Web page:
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An interview with Michael Norris about Volti


An interview with Michael Norris about Volti



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How did you first get into making music? Are there any specific experiences or interests that led you to become a composer?

There were three ways I got into composing at high school: firstly, I played in a big band, in which improvisation was strongly encouraged, even if you didn't really know what you were doing — such on-the-fly composition trained the ear very well; secondly, I was lucky to have Anthony Ritchie as an itinerant composition teacher at high school; thirdly, I was fooling around on one of the earliest home-use music notation programmes (Rainbird's "Advanced Music System" for Amstrad CPC-464). These three things, plus my background in playing in an orchestra and big band, lead me into the composition world.

How did the opportunity to write Volti come about? Did you have any particular performers in mind, or were you simply exploring and experimenting?

It was originally written for an international composition competition (it didn't come anywhere...), so there were no soloists in mind. Because of that, it was a testing ground for some new ideas about form and orchestration, some of which, with the luxury of hindsight, were successful, and some not so much...

How did you approach writing the solo part? What is the role of the soloist in your piece?

Hard to say — I don't feel the relationship is entirely successful at the moment, although the premiere of it had a fantastic pianist who really managed to bring out the energy and drama of the piano part. So maybe it's about the almost choreographic "dancing" of the pianist, as they rush between the interior of the piano and the two extremes of the keyboard, pitted against the sheer weight and density of the orchestra.

As you say in your programme note, the word Volti makes us think of electricity and motion. Did this idea come before you started writing or was it suggested to you by the nature of the music you were coming up with?

The opening gesture in the piano came first, and I think the title very soon after... although I could be wrong!

Large sections of the piece are built out of short motivic or gestural cells (a long note, a staccato attack etc). I remember that at the time you were experimenting with using L-systems to organise how these cells interacted within a section and how tension and development was regulated. Could you simply explain what L-systems are and how you used them in your piece? Did you use the system to regulate the interaction between orchestra and soloist in any way?

L-systems are a way of modelling recursive processes in the real world: the way a plant can develop from a set of simple (well, relatively simple...) instructions contained within the seed, and, using a process of recursion, can grow an extremely complex organism. For instance, take the simple instruction "given any branch, grow two new branches at 45° angles out of the end of it". Now, if start with a tree trunk, and apply these simple rules, you get two branches. Apply these rules to the new branches, and you get four new branches (plus the two you had originally). Apply the rules to these new branches, and so on, and soon you get a very complex, very dense tree with a multitude of branches.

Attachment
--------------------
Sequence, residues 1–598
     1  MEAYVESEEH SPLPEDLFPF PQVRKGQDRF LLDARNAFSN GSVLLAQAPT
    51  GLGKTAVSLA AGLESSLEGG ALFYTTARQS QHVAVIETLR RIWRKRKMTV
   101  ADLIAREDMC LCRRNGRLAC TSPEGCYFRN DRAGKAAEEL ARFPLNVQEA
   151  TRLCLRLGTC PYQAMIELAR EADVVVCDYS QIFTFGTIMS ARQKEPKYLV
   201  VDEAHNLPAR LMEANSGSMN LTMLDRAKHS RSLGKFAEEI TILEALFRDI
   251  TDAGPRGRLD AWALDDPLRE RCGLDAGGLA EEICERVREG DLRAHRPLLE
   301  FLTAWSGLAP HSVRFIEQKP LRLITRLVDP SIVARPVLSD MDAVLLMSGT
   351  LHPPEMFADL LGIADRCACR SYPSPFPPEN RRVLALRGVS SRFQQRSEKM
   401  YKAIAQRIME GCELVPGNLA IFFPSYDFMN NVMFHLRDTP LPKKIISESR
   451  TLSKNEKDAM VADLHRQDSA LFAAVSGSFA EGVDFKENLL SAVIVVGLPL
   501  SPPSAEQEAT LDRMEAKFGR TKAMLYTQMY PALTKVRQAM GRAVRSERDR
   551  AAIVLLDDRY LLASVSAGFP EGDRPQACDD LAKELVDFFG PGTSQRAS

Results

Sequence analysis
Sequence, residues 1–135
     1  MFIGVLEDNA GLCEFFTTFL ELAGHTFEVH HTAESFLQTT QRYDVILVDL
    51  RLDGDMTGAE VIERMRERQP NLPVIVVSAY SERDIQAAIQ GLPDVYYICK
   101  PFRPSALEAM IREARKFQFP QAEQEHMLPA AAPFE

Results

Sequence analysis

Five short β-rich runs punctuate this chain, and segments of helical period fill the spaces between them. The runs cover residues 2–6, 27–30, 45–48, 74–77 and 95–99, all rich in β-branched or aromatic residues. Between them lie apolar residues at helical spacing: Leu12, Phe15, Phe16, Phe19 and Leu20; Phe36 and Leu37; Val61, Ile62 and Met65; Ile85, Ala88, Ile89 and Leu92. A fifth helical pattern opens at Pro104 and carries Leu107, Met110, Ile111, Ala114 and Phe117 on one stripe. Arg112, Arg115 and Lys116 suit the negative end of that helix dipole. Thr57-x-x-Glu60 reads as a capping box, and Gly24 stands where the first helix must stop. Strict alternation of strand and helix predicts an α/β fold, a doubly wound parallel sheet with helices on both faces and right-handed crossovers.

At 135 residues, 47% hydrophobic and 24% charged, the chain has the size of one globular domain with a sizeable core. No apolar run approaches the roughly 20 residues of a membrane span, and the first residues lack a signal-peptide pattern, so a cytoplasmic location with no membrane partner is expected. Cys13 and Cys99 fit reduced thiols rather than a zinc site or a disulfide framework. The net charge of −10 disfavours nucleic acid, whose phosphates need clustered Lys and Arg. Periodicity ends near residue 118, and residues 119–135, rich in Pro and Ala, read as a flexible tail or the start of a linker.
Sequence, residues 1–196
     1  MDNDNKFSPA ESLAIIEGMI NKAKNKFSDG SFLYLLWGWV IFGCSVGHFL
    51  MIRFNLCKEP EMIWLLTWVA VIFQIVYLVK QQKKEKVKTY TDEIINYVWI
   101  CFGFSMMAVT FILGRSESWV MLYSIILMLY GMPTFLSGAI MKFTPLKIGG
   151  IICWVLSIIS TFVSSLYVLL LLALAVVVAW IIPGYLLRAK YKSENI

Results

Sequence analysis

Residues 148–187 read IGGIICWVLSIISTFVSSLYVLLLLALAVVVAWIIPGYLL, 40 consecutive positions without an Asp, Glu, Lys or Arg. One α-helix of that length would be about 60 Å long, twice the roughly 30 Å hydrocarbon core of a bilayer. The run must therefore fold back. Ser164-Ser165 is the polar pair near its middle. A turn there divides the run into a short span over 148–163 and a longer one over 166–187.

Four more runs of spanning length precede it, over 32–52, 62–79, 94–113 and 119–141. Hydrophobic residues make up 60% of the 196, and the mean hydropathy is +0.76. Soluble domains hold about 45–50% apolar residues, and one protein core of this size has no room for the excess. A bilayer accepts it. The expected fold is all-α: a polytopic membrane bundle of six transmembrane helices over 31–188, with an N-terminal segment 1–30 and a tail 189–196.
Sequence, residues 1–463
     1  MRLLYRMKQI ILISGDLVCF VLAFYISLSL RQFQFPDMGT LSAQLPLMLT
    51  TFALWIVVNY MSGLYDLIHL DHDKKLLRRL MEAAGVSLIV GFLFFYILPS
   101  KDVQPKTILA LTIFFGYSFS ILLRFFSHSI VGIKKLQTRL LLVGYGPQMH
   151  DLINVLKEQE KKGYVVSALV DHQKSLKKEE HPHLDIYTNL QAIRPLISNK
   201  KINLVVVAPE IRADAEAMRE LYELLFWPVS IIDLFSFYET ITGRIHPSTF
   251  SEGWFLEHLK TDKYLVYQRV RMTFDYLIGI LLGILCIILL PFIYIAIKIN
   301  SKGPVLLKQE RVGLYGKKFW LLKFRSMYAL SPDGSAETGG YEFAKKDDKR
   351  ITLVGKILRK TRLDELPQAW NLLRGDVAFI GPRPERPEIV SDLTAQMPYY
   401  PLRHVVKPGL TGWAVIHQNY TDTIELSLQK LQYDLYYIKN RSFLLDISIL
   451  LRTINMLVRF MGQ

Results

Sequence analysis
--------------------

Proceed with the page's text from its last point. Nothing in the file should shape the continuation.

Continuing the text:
In music, we can use these ideas to govern any particular musical parameter - here I use it to control form. Each little motivic cell is, if you like, a branch, and the whole piece (the tree) is created from these little branches, the order of which is governed by some simple rules, and then recursed to create the complex structure you hear.

Each 'branch' in the system, however, is not just a single motif in a single instrument, but a whole vertical slice down through the orchestra, plus the soloist — this 'slice' starts off long (a whole 6/4 bar at the opening), but becomes much shorter as the piece progresses (only one beat long in places). Because some cells feature the soloist, and some cells feature the orchestra, the relationship between orchestra and soloist is completely governed by the L-systems running through the work.

Volti has had a performance at a new music festival. Have you made any revisions to your piece as a result and why?

Yes - the piece is in constant revision. When I first wrote it, it was only the second or third piece to use L-systems, and my first orchestral piece to use them. I hadn't quite twigged onto one of the big problems of L-systems, which is the tendency to fill up each cell with lots of notes. As a result the music is very busy and full. This can be exciting, but it can also be taxing, and most of my revisions have been deleting material that I've felt hasn't contributed to the overall flow and shape of the music. I could probably spend another 6 or 7 years tweaking it, but, maybe I should leave it be now.

What would you like the audience to go away with after listening to your piece?

There's nothing specific I would like them to go away with: indeed, if everyone went away with the same image, then the piece would have failed in terms of tickling the audience's imagination. Having said that, maybe there's some vague, abstract feeling of energy and dynamism that I'd like them to take with them... that they engaged with the motion and liveliness, if not necessarily the musical materials.